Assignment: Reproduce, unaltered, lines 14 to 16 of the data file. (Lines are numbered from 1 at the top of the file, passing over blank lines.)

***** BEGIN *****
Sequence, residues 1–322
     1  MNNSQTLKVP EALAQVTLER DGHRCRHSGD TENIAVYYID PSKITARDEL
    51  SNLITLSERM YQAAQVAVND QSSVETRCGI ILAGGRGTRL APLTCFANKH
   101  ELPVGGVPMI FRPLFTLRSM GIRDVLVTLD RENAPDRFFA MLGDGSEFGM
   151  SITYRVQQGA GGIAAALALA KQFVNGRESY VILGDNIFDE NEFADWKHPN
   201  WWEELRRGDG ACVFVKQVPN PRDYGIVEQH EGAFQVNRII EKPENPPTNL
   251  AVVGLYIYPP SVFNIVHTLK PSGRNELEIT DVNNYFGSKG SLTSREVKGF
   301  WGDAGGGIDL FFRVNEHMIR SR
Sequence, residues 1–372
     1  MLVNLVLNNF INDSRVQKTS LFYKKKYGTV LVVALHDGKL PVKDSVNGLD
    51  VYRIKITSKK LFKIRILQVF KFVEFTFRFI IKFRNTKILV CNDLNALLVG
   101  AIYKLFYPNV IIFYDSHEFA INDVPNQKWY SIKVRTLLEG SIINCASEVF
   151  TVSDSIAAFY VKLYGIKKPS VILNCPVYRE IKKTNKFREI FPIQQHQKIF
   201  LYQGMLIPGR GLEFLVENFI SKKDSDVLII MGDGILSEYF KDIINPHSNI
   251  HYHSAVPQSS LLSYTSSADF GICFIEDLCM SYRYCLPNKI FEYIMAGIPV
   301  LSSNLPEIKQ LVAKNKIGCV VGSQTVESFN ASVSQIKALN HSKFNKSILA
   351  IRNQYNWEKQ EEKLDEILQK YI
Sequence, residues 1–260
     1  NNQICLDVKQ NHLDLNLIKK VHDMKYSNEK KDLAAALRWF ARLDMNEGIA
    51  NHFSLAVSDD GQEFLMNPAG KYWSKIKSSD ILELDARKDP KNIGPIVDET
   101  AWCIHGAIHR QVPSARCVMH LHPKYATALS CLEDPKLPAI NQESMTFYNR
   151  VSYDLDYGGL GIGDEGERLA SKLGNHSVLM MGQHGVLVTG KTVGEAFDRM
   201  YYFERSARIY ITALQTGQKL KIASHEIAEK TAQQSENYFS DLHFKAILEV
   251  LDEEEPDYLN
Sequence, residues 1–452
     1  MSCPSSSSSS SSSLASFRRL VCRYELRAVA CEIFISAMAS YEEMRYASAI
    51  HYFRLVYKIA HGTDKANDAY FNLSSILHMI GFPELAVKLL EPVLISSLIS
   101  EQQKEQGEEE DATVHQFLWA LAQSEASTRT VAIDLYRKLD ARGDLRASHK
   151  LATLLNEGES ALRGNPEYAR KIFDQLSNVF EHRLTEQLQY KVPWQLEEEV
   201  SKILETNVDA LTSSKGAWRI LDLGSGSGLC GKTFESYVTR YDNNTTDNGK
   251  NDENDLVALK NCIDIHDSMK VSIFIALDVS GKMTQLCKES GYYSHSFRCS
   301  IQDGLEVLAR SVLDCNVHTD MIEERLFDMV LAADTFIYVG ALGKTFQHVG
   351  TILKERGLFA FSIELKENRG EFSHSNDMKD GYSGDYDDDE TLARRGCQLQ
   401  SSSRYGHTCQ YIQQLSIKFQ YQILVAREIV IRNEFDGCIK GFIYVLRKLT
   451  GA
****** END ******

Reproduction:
   201  LYQGMLIPGR GLEFLVENFI SKKDSDVLII MGDGILSEYF KDIINPHSNI
   251  HYHSAVPQSS LLSYTSSADF GICFIEDLCM SYRYCLPNKI FEYIMAGIPV
   301  LSSNLPEIKQ LVAKNKIGCV VGSQTVESFN ASVSQIKALN HSKFNKSILA